Timing is everything—as the death of now-former CSX CEO Hunter Harrison illustrates.
Harrison died Saturday, due to "unexpectedly severe complications from a recent illness," days after taking medical leave.
If you're going to pick a time of year to kick the bucket, this would be it. News publications are pumping out the holiday cheer, everyone's either on vacation or thinking about it, and your obituaries won't take a look at the destructive legacy of your last stop—especially since the person pushing the copy live is probably hungover from the holiday party.
However, that legacy—specifically regarding the local CSX, which Harrison eviscerated in recent months-deserves a real examination.
Early in the year, Harrison came in amidst shareholder optimism and employee trepidation.
The Wall Street Journal pushed out the news that Harrison was coming in to work his turnaround magic on CSX; shares jumped up 40 percent, per Forbes, which made the case in lauding his hiring that CSX was "stagnating ... one of the least efficient railroads in North America."
The pot was sweetened to bring Harrison in; an option to buy 9 million shares at market price, and an incredible $84 (EIGHTY F-N FOUR) million dollars.
There may have been indications that Harrison wasn't exactly at the peak of health. Exhibit A: His ever-present oxygen tank, which would have been an accessory to the Hunter Harrison action figure, had such a thing been made. Exhibit B: Rambling, long meetings with senior staff, which one person described as "imagine Donald Trump leading a railroad."
Harrison, of course, came in and immediately began implementing what he called "precision railroading ... a model proven to improve safety, create better service for customers, produce a proud and winning culture for employees, and generate exceptional, lasting value for shareholders."
In other words: "Make CSX Great Again!"
How did it go?
Spoiler alert: Whoops!
The layoffs started locally last winter, a bloodletting of the very management positions that would have been necessary to implement said precision railroading.
Over 1,000 people were dumped in Jacksonville alone as cuts were also made throughout the company, including such non-essential workers as dudes in switching yards in Chicago.
Harrison talked about this in July, per the Florida Times-Union, at which point 2,300 people had been cut.
"I thought we had a hell of a quarter," Harrison said.
This "hell of a quarter" included taking 900 locomotives and 60,000 freight cars out of commission. And eliminating all but one dispatching station in a 23-state territory, because, after all, what can possibly go wrong? And shutting down most of the company's 12 railyards.
By the time summer was all but a wrap, congress wanted to know more about this amazing turnaround effort.
Why? NBD, just "chronic service failures" (as the Rail Customer Coalition put it).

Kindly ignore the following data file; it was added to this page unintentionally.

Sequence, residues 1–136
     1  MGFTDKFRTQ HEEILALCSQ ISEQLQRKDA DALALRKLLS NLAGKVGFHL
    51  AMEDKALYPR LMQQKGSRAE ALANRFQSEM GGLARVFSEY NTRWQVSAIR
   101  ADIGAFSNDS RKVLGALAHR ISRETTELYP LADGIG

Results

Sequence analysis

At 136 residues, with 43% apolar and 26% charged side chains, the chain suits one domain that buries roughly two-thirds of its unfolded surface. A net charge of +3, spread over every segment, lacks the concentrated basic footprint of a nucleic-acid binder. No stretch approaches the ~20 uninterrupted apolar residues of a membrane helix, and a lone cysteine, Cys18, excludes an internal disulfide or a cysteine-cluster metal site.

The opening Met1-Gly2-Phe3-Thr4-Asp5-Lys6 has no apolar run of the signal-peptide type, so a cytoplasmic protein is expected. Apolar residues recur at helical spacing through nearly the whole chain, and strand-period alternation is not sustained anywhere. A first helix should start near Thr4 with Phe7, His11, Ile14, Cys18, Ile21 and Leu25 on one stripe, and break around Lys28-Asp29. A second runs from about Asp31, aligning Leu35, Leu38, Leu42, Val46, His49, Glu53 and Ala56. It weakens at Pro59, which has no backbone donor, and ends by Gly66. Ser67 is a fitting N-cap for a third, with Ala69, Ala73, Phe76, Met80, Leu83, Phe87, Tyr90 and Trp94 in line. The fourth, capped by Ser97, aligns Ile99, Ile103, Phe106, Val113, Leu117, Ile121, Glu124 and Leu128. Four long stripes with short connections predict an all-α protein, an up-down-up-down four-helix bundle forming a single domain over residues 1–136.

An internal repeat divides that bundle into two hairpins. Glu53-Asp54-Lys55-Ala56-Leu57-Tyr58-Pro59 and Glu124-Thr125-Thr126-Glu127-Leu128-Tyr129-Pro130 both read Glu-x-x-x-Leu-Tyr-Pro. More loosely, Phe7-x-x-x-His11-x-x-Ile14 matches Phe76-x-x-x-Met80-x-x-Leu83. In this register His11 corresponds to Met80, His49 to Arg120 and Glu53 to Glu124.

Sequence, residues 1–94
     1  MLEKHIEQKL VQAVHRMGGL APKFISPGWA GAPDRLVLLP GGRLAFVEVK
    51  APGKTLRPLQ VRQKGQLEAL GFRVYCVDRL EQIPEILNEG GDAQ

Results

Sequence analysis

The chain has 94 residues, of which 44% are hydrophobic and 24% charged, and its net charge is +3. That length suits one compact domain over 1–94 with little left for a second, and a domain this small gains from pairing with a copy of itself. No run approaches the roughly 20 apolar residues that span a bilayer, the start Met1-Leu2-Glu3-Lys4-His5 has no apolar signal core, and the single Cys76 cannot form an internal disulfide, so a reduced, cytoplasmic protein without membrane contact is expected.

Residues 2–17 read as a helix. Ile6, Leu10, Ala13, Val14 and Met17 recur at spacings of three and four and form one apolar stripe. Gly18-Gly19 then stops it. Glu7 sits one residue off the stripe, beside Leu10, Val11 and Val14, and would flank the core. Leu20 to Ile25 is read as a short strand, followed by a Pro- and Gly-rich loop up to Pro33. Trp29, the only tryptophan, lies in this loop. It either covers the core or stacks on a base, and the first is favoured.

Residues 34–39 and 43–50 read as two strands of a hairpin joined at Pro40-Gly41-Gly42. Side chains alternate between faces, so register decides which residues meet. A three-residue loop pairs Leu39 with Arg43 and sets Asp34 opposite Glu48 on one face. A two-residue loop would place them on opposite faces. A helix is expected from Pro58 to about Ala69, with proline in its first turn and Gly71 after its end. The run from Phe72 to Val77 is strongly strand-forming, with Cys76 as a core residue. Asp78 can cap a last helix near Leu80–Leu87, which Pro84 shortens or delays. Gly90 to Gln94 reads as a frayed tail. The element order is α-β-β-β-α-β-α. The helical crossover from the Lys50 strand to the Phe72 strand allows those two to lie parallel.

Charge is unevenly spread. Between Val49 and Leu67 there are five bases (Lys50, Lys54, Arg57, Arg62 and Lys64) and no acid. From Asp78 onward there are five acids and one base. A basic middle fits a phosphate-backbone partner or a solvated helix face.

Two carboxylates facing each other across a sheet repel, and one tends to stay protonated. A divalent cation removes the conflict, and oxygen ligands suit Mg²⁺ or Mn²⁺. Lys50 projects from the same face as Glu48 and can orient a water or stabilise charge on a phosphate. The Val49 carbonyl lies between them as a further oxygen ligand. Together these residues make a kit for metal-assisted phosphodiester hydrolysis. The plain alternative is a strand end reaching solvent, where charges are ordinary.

"As has been widely reported, there are chronic service failures occurring across the CSX network which are impacting the entire North American rail network," the August letter said, per the T-U. "Major service changes have been imposed with little advance notice, and CSX's response to customer complaints has been woefully inadequate."
Harrison's response? "Since coalitions do not have service issues, we do not intend to continue a discussion with you about the service we provide to our customers."
So-called "extensive delays and communications breakdowns" led to CSX having to explain itself to the Surface Transportation Board in the fall.
And STB was not happy, as a letter dated Dec. 14 showed.
"The Board continues to hear complaints related to CSX service challenges or inadequate service, particularly about unsatisfactory 'last mile' service and lack of communication regarding changes of service before they occur," the letter read.
Spotlighted in the letter were problems with "car order fulfillment" and a year over year decline in "local service performance ... including missed switches and poor on the ground communication and coordination with customers."
That's precision railroading!
Never mind the derailments and the accidents that happened last year. We would need a whole other column for that avoidable carnage.
And never mind the way trains just stall out on the tracks-the San Marco Train and Baldwin are frequently criticized, of course, but for some real inaction, you can't beat the track running parallel to Beaver Street on the Westside. So many citations have been given out in Duval that there is an "arrangement" between CSX and the city's general counsel, where a few of the citations are paid out, but most are forgotten.
After all, federal law allows trains to block tracks, no matter what locals say about it.
Hunter Harrison: a blithering jackass who got his payout for wrecking a company and then passed on in such a "sudden" way that the obits didn't look at his true legacy of destruction of one of Jacksonville's cornerstone companies.